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Thursday, October 2
 
Limbaugh resigns from ESPN's NFL pregame show

ESPN.com news services

PHILADELPHIA -- Conservative commentator Rush Limbaugh said Thursday he resigned from ESPN's "Sunday NFL Countdown" pregame show to protect network employees from the uproar over critical comments he made about Philadelphia Eagles quarterback Donovan McNabb.

Limbaugh quit late Wednesday, three days after saying on the show that McNabb was overrated because the media wanted to see a black quarterback succeed.

"The great people at ESPN did not want to deal with this kind of reaction," Limbaugh told the National Association of Broadcasters at its convention in Philadelphia on Thursday. "The path of least resistance became for me to resign."

George Bodenheimer, president of ESPN and ABC Sports, accepted Limbaugh's resignation Wednesday. ABC and ESPN are owned by Walt Disney Co.

"We regret the circumstances surrounding this," Bodenheimer said. "We believe that he took the appropriate action to resolve this matter expeditiously."

On Wednesday, McNabb said he didn't mind criticism of his performance, but was upset Limbaugh made his race an issue and said it was too late for an apology.

"It's somewhat shocking to hear that on national TV from him," McNabb said. "It's not something that I can sit here and say won't bother me."

McNabb said in a statement issued Thursday by the team that he won't address the topic.

"I said all I have to on the topic at the press conference [Wednesday]," the statement read. "I spent more time on the subject than I expected to. It's time for me to concentrate on the Redskins and try to win a football game with my teammates this weekend."

Also in a news conference on Thursday, Eagles owner Jeffrey Lurie accused ESPN of "institutional racism" for among other things hiring Limbaugh in the first place. In response, ESPN issued a statement, saying: "We are not going to respond to an assertion that is not based in reality."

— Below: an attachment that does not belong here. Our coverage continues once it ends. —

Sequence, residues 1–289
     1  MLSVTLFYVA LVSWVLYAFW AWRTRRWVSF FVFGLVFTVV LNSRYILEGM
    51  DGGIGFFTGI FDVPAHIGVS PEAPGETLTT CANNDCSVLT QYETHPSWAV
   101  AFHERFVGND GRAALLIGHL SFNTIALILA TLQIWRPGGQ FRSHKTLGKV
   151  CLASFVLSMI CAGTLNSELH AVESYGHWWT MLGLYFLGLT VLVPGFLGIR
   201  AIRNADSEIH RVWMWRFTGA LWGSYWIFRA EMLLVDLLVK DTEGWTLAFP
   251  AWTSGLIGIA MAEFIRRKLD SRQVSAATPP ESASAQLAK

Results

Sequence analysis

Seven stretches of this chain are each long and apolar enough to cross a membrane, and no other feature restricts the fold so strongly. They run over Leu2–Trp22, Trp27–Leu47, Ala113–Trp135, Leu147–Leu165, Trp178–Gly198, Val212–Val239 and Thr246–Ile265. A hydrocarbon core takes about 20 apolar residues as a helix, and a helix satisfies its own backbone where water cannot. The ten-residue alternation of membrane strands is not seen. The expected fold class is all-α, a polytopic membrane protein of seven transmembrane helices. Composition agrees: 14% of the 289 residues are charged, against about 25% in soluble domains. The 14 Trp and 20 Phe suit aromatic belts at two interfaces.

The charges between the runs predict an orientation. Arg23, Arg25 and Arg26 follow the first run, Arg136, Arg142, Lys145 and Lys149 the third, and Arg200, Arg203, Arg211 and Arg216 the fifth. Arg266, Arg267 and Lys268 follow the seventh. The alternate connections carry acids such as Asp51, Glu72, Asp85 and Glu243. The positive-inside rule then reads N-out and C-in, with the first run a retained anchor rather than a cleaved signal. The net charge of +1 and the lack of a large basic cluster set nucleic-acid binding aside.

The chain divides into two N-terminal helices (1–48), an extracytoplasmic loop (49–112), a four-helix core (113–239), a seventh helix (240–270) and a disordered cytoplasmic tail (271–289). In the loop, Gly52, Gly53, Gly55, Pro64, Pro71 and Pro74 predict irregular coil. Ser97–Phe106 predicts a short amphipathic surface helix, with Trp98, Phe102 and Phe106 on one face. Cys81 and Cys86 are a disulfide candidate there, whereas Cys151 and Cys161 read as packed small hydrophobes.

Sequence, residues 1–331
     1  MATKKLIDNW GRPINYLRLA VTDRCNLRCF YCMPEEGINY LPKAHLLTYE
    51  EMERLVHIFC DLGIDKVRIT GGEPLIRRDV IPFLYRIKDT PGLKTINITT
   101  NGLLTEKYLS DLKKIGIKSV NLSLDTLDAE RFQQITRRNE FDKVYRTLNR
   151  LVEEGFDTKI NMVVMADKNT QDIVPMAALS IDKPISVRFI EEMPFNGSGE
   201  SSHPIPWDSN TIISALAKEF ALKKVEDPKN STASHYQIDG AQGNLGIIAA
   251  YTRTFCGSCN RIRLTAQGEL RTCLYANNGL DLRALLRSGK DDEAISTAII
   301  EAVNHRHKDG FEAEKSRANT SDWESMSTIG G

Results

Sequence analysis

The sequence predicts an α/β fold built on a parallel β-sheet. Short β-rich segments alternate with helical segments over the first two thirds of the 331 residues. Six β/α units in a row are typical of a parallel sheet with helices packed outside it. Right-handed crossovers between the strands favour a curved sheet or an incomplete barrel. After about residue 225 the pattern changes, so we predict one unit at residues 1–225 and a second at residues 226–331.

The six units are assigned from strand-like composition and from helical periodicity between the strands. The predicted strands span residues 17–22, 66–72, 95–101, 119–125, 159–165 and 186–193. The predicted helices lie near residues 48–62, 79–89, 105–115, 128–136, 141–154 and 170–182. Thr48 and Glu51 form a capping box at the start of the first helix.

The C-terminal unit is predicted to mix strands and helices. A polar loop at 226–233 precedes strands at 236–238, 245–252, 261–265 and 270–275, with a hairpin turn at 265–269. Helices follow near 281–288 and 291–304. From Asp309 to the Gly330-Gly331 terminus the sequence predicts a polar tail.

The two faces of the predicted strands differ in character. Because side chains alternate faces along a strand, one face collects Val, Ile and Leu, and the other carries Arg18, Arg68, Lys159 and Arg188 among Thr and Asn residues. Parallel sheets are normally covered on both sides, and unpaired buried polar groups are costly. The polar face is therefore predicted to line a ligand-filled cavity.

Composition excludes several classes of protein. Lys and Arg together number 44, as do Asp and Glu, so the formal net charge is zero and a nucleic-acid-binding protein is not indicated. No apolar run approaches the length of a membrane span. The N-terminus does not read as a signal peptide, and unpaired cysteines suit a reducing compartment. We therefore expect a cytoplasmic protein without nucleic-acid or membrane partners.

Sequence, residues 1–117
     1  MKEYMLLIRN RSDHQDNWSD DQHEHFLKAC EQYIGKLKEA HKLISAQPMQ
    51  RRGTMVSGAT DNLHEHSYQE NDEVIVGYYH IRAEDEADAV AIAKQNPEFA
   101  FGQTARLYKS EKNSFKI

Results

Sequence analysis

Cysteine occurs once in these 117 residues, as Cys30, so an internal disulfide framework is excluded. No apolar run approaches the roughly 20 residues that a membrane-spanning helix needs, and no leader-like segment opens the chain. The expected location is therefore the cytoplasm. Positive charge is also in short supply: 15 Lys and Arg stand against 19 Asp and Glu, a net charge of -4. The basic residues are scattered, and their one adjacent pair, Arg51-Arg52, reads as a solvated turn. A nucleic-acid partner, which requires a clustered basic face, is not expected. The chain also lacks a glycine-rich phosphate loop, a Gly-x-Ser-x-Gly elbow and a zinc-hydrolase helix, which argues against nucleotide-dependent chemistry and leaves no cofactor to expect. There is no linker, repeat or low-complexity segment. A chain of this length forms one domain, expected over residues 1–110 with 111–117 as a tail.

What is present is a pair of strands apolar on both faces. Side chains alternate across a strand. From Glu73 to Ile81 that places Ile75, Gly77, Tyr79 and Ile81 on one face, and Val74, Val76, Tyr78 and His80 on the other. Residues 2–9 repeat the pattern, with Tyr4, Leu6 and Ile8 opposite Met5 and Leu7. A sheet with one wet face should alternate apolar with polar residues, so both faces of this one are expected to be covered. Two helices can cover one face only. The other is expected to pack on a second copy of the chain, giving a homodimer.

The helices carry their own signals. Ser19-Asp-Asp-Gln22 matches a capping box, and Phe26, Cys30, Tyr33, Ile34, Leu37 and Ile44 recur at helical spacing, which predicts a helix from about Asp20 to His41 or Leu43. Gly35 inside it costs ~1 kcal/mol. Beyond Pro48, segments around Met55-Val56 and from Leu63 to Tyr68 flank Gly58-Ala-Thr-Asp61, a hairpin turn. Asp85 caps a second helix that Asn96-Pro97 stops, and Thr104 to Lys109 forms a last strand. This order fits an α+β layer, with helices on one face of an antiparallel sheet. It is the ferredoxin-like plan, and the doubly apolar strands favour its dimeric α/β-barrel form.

Talking about his ESPN comments, Limbaugh said Thursday he had thought about the issue the night before making the comments. He said he was used to scrutiny after 15 years in radio and expects to get attention.

"I figured if I'm going to do this [the ESPN show] I should be who I am," he said.

About a half-dozen people protested outside the convention.

Limbaugh has denied the comments he made on the show were racially motivated.

"I think what we've had here is a little social concern in the NFL. The media has been very desirous that a black quarterback do well," Limbaugh said on Sunday's show. "There is a little hope invested in McNabb, and he got a lot of credit for the performance of this team that he didn't deserve. The defense carried this team."

Chris Berman, who anchors the ESPN show, said he did not believe Limbaugh's tone or intent was malicious.

"As cut and dry as it seems in print, I didn't think so when it went by my ears," Berman said. "I probably should have looked to soften it."

Democratic presidential candidates Wesley Clark, Howard Dean and the Rev. Al Sharpton had called for ESPN to fire Limbaugh over the remarks. The NAACP also condemned Limbaugh's remarks, calling them "bigoted and ignorant."

Limbaugh is the radio host of the politically focused "Rush Limbaugh Show," syndicated in more than 650 markets. ESPN spokesman Dave Nagle said ratings for "Sunday NFL Countdown" were up 10 percent overall since Limbaugh joined the show this year.

Information from The Associated Press was used in this report.




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